Monthly Archives: April 2016

Limits of inspected-in quality

 “All necessary test cases, starting from requirements”

Quality has two major “sources”: built-in quality (build without defects) and inspected-in quality (test, find defects and fix them).

Poor built-in quality is – statistically speaking – a known and common problem in software development. In many cases, with product growing,  quality will decrease in time by accumulation of technical debt. There is a wide spread belief that we can improve the quality (even in difficult cases) based mostly on test & fix approach.  We will try to prove that is “mathematically” wrong and it is rather a wishful thinking.

(Traditional voice) We will test & fix, right? And we will do that in the most professional way. We will document very well the requirements. We will generate all the necessary test cases starting from requirements. We will use them to execute very professional tests and we will make all the significant need fixes for a good quality.

Yes, indeed, a professional way to generate the test cases will start from the requirements, will identify functional flows, will generate running scenarios and then the test cases considering input data, test conditions and expected results.

(Traditional) That should be great! Even TDD implement the test cases considering all these elements.

That is true, but there are difference: TDD offer something more. Anyway, you forgot something …

How to blow up traditional testing

Let consider a set of pretty complex set of functionality. The orthodox approach of testing will do that:

  • (We have good analysts and good testers)
  • Write good enough requirements
  • Extract scenarios paths from functional flows and states transitions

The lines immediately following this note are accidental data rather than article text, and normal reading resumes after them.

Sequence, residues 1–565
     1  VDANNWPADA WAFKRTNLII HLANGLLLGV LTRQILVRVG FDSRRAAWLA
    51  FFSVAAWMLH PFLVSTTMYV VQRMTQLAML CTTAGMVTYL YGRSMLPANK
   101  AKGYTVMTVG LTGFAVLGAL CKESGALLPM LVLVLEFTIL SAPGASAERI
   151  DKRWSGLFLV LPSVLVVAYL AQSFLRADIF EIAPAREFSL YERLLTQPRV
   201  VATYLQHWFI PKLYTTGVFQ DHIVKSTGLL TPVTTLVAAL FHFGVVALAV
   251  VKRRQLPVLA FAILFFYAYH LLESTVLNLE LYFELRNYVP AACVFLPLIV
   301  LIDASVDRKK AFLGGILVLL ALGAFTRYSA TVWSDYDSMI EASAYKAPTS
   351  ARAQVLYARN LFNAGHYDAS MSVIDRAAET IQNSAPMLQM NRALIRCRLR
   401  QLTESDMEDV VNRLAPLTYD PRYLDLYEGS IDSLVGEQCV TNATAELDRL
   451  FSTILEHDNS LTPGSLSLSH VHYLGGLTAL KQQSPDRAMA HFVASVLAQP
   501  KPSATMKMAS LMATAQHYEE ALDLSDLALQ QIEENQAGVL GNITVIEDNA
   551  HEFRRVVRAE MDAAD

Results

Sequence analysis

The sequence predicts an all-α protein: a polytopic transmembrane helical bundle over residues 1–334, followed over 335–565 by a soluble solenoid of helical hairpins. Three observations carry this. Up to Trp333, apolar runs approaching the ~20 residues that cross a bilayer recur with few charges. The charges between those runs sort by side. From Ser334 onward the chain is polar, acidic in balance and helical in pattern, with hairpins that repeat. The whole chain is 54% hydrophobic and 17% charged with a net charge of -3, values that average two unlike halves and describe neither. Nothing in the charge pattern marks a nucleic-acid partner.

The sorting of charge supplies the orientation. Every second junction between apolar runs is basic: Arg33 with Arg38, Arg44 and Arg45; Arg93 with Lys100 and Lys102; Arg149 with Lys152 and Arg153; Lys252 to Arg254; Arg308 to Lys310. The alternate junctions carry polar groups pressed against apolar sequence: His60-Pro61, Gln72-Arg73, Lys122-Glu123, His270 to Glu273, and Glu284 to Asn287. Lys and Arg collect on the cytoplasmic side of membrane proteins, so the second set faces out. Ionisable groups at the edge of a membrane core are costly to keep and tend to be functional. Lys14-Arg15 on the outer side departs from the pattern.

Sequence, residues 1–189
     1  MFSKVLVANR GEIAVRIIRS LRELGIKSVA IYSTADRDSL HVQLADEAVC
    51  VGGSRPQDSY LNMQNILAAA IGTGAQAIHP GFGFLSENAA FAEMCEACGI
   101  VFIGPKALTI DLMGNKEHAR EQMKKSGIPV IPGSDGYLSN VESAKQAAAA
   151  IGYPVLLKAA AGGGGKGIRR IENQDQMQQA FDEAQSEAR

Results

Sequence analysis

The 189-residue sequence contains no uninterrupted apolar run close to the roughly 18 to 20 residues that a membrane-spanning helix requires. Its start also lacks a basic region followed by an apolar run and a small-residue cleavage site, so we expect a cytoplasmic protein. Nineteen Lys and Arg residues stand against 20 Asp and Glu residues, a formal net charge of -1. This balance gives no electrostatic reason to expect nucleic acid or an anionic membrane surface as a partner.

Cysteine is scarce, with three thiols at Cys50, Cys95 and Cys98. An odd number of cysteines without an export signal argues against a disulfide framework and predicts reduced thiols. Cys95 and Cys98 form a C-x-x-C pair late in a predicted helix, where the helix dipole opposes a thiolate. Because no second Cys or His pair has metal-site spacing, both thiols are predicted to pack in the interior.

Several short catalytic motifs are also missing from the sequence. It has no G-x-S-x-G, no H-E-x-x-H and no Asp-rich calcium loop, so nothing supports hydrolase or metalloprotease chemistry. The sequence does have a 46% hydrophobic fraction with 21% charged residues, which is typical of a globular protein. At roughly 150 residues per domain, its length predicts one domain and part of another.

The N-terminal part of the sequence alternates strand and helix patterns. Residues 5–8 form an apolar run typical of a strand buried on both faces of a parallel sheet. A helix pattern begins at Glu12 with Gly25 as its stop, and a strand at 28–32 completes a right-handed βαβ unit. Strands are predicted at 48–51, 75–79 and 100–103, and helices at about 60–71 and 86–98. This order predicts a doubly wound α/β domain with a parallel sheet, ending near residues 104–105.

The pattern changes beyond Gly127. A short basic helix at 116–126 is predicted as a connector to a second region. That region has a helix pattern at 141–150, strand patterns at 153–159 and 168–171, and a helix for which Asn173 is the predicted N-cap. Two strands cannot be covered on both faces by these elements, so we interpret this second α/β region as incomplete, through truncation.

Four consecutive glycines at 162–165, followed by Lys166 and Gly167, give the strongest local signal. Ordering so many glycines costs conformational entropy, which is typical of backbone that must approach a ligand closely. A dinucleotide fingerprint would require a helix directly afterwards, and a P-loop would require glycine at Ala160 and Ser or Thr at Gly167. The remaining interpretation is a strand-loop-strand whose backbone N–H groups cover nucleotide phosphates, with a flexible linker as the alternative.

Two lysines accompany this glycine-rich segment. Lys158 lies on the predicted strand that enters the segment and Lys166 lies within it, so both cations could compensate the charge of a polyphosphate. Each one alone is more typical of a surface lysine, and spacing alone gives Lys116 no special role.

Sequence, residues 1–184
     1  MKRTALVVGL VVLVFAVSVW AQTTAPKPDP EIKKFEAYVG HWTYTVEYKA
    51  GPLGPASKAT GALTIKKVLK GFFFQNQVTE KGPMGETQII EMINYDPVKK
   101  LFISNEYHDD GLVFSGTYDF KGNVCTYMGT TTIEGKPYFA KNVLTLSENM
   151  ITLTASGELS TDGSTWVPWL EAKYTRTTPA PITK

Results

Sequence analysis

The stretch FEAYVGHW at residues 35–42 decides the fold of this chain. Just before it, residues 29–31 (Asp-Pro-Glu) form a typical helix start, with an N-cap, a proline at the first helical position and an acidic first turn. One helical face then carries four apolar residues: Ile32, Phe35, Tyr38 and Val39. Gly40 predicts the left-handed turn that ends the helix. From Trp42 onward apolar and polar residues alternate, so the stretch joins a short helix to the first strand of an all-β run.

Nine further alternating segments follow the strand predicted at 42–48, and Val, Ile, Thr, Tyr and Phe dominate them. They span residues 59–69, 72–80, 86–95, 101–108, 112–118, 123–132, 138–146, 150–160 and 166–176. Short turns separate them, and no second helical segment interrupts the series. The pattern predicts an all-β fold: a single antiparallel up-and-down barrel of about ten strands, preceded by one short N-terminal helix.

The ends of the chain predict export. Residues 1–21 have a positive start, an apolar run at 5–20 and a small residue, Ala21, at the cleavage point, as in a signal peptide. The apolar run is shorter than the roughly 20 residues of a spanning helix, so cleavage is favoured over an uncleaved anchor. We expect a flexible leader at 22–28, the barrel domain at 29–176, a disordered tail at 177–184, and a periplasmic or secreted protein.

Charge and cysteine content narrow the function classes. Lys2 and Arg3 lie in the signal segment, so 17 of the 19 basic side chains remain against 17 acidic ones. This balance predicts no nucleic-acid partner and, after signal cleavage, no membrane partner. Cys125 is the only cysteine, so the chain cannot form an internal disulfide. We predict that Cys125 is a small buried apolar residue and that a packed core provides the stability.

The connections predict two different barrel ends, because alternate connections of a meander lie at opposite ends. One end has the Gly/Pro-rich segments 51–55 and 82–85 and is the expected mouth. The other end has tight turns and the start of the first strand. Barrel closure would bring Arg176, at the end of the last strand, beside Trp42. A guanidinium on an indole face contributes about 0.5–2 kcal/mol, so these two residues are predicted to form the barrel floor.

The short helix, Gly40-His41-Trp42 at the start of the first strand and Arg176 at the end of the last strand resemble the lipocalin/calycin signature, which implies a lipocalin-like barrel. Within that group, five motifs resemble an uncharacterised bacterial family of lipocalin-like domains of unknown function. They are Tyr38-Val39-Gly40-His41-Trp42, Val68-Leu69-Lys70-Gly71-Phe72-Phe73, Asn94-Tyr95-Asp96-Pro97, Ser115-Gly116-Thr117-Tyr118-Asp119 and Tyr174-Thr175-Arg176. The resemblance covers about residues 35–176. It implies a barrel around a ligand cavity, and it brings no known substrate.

• Generate test cases from scenarios considering also inputs, conditions and expected results
  • Run the tests, find defects and fix them

That could take longer, but finally we will reach the quality goals, right?

NO!

Please consider this extra-scenario: what if we have too much technical debt. Let see some consequences. (used numbers are examples).

Scenarios –  If the requirements logic generates 100 scenarios, poor designed code could physically have 600 or more. How is that possible? It is pretty easy by accessing, for example, an undesired global context. If my scenario will access a global context (even only one global variable…), that will multiply the number of real test cases because these data are changed in an unexpected way (not specified in the requirements) by other flows. In fact, the global context will mix and multiplexes piece of functionalities that are not logically related. Duplicate code it is also a mighty enemy that create and multiply the test cases (“phantoms”, beyond the ones resulted from requirements). If we want to change a formula that was harcoded on each usage, how could really know a tester where was harcoded and how many times?

States – If the requirements logic suppose 50 states of the main entities & main logic, a poor designed code could physically have 500.  How is that possible? Again, that it is easy. For example, if the states transitions for one entity is not encapsulated, the code could be fragile enough to induce supplementary phantom states, because of poor written state transitions (one ways is to use only basic setters to realize these transitions).

Expected results – a poor design code will damage also the result display, log or persistence. The easiest way is to damage the displayed data: “catch” the errors and not display them, display a valid value for a null etc.

Let make a summary: